Sharia deal

The agreement between Islamabad and local pro-Taliban fighters was reached after talks in Peshawar between members of Tehrik-e-Nifaz Shariat Muhammadi and officials of the North West Frontier Province (NWFP) government on Monday.

In depth


Swat: Pakistan's lost paradise

Sharia in Pakistan's Swat

The Tehrik-e-Nifaz Shariat Muhammadi, or the Movement for the Implementation of Islamic Law, has long demanded the implementation of sharia in the region.

Officials gave few details of the kind of sharia they were planning to implement in the Malakand region, which includes Swat valley, but said that laws that fail to comply with Islamic texts would be suspended.

"All un-Islamic laws related to the judicial system, those against the Quran and Sunnah, would be subject to cancellation and considered null and void," an NWFP spokesman said in a statement following the talks.

Conservative region

Armed Muslim groups aiming to introduce sharia have been fighting government troops in the region since 2007.

They gained control over most of the valley after a 2008 peace deal collapsed within months of being signed.

Much of the violence, which has left hundreds of thousands of people homeless, has been blamed on the Taliban in Swat, headed by Mullah Fazlullah, the son-in-law of Maulana Sufi Muhammad, the leader of Tehrik-e-Nifaz Shariat Muhammadi.

Al Jazeera's Kamal Hyder, noting that Swat had a precedent of sharia implementation, pointed out that the majority of people in the area were very conservative.

Residents want sharia because they say the justice is swifter, he said.

He pointed out that judges would still be appointed by Pakistan's government.

The US, which is battling Taliban and al-Qaeda groups in the area, has previously said that such deals only serve to allow fighters to regroup.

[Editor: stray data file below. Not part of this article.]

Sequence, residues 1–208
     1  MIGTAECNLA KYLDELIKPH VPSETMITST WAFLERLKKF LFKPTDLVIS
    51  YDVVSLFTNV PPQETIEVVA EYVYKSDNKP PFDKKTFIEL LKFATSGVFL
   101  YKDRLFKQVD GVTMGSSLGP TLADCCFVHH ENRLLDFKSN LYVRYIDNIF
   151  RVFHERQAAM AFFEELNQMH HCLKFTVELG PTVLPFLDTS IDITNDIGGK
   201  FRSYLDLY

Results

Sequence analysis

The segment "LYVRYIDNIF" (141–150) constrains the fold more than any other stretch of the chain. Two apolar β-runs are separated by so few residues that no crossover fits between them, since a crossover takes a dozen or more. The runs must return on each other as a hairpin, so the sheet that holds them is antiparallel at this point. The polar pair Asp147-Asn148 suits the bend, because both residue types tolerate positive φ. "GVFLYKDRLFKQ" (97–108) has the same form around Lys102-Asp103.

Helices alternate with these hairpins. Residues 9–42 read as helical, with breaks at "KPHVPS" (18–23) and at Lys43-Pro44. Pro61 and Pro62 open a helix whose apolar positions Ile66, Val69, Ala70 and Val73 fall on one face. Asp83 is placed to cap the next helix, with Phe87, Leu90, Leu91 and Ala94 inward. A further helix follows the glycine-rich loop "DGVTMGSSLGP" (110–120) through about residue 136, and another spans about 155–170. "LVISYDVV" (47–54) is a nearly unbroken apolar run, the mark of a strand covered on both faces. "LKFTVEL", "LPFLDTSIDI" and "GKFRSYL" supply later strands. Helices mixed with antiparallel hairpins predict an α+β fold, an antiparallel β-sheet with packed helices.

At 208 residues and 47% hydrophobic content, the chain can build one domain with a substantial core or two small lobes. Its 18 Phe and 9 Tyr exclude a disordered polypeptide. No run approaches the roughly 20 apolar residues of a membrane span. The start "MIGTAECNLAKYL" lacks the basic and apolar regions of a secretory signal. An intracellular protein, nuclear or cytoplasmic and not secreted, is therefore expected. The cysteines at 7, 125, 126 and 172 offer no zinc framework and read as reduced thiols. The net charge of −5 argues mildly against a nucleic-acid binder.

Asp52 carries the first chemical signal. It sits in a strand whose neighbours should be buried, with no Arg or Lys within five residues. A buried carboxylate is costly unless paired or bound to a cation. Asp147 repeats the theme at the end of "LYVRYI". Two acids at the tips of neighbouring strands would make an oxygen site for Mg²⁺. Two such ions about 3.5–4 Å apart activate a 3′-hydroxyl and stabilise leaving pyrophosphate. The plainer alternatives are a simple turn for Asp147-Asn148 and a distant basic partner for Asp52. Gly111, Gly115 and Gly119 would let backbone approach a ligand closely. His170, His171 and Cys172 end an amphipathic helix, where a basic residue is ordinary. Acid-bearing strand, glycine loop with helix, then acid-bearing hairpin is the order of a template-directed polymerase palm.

Speaking in India, Richard Holbrooke, the US special envoy to the region, did not directly address Pakistan's move but said the rise of the Taliban in Swat underscored the point that "India, the US and Pakistan all have a common threat now".

"I talked to people from Swat and they were frankly quite terrified ... Swat has really deeply affected the people of Pakistan," he said.

Reactions mixed

Raja Asad Hameed, a legal correspondent at the Nation, said that the introduction of sharia in northwest Pakistan is a mere continuation of laws enshrined in the constitution.

"The government had very little elbow space. The military operations [in Swat] has never solved so many problems as those they have raised. It is a good move [to allow sharia], an overdue move and a significant one, politically and strategically," he told Al Jazeera.

But Imtiaz Gul, a political analyst, said that while Islamabad may have negotiated a deal in its interest, it had ceded some of its power over Swat, an area it had traditionally controlled.

"I think the entire leadership in Pakistan, both military and political, had arrived at a consensus that the cost of the military operation was becoming too high to continue, and that perhaps they should try the political power ... to get peace into the Swat valley," he said.

"In the process, they have given in to demands that have been in the Swat valley since 1995. We call it a surrender by the state."

Pakistan says that force alone cannot defeat all opposition groups, and that talks must take place, although several past deals have failed.